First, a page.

Brudvik et al. then performed a multivariate analysis using the original scoring system on a modern cohort of patients whose RAS mutation status was known. They found that only primary nodal status, diameter of the largest metastasis, and RAS mutation status were associated with OS. They therefore combined these factors into a modified scoring system which they termed the m-CS, which predicted overall and RFS significantly more accurately than the original MSKCC score from which it was derived. The m-CS and t-CS (MSKCC score) showed c-statistics of 0.69 (95% CI, 0.62–0.76) and 0.57 (95% CI, 0.48–0.65) respectively. They further showed that the addition of each point on the m-CS was associated with a corresponding decrease in OS and RFS, a finding which did not hold true for the original score. These findings were then validated using an international multicentre validation cohort with similar results, with the caveat that there were differences in survival and recurrence between centres in the cohort. Additionally, the authors provided evidence that the difference was due to the addition of RAS status, rather than simply the reduction in numbers of variables included in the score.
This is a timely and well-conducted study which has several strengths. The first and potentially most important of these is that the authors provide an assessment of the currently most widely used clinical scoring system in a group of modern patients. The second is that they have provided a clinically useful way to add RAS status to our overall risk assessment for recurrence and survival after CRLM resection. Given that RAS status is an independent predictor of OS and RFS, it is likely important to include in our preoperative assessment of risk and clinical utility. The third strength of this new scoring system is that it is even simpler than the previous t-CS. Simplification and greater ability to stratify risk may make this scoring system more pragmatically useful in everyday clinical settings.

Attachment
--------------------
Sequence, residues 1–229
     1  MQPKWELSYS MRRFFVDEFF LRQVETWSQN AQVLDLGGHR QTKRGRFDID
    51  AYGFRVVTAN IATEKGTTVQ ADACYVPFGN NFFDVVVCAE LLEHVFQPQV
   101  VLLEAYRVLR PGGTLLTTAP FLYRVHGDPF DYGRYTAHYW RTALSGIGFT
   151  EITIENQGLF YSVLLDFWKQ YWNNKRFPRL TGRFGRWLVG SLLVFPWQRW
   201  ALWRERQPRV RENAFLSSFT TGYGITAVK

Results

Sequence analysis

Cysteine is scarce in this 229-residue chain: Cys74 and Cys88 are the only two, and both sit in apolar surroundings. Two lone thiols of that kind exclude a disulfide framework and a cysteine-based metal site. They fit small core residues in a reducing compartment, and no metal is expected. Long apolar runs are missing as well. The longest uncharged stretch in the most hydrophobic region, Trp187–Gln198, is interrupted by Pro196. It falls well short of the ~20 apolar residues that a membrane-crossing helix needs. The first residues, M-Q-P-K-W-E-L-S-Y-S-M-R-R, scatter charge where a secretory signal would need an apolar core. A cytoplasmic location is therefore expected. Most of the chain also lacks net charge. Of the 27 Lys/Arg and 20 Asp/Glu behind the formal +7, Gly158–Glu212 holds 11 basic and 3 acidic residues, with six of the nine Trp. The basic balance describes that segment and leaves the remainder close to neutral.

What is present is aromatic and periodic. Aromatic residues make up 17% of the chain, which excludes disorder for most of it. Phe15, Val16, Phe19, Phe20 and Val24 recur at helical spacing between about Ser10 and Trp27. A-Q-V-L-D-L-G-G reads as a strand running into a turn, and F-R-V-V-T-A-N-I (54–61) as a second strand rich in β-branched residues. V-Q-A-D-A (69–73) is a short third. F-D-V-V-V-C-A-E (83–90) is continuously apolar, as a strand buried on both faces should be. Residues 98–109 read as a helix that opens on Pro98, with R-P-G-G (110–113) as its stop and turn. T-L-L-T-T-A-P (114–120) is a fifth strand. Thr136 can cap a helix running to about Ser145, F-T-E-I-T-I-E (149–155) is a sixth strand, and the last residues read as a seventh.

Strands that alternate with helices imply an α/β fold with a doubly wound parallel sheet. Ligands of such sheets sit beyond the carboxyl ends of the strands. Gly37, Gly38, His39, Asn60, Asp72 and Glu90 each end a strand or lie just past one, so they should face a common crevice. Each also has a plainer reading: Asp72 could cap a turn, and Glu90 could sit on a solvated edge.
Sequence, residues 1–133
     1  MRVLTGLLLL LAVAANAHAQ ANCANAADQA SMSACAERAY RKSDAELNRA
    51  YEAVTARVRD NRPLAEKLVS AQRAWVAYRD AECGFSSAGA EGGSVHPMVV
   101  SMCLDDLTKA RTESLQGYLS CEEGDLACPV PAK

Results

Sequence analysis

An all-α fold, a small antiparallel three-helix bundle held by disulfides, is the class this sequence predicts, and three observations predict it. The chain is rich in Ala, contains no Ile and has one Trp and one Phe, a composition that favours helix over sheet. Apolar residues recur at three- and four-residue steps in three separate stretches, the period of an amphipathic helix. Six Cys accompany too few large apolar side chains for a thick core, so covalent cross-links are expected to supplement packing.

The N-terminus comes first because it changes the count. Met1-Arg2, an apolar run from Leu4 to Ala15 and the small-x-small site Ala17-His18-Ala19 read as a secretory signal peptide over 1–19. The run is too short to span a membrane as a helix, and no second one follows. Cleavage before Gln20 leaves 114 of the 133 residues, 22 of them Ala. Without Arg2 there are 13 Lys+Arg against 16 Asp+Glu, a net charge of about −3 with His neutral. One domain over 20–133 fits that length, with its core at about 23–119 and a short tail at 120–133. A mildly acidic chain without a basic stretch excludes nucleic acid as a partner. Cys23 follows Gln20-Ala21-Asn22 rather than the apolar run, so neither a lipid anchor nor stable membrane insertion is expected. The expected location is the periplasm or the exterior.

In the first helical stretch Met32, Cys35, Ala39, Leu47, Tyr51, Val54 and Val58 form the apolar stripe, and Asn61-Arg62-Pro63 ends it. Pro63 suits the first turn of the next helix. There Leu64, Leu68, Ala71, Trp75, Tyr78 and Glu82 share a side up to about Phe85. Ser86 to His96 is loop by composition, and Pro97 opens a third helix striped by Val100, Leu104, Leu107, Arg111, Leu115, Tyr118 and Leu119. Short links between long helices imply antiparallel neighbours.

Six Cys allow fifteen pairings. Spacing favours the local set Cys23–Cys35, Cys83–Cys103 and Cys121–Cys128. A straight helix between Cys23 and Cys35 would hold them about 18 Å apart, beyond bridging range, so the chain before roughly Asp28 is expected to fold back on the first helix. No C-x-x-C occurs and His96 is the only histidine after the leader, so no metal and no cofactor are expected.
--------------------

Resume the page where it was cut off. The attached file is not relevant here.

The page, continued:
There were several questions raised by the study, particularly with respect to patient selection. The current study was understandably limited to patients with known RAS mutational status. The study included patients from 2005 to 2013. The use of RAS mutational status to select patients for cetuximab therapy was approved by the FDA in the US in 2012 (6). The indications used by the centre to select patients for RAS testing prior to this period were therefore unclear, and not stated in the article. This may introduce some bias in the results of the study, given that these patients may have had a different prognosis than other patients with CRLM during the study period. This may limit the generalizability of the results.